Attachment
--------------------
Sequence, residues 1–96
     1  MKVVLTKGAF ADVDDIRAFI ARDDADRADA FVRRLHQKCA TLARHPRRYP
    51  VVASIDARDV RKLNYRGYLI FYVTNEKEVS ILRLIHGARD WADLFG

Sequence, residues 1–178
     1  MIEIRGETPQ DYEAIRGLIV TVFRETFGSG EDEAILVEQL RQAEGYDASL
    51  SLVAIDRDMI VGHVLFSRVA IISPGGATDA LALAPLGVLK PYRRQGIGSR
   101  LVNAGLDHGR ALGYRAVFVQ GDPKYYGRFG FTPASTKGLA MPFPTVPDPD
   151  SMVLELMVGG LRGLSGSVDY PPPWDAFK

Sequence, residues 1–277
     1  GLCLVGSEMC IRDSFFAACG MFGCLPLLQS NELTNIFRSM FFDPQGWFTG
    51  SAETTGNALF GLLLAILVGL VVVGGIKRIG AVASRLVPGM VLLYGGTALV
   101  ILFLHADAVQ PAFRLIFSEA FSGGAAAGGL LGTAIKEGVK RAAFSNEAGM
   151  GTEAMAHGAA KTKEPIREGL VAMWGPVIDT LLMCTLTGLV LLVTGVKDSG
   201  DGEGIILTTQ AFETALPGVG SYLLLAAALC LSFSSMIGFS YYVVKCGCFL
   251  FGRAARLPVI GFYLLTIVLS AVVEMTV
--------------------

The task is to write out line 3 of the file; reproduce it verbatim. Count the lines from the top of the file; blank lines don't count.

    51  VVASIDARDV RKLNYRGYLI FYVTNEKEVS ILRLIHGARD WADLFG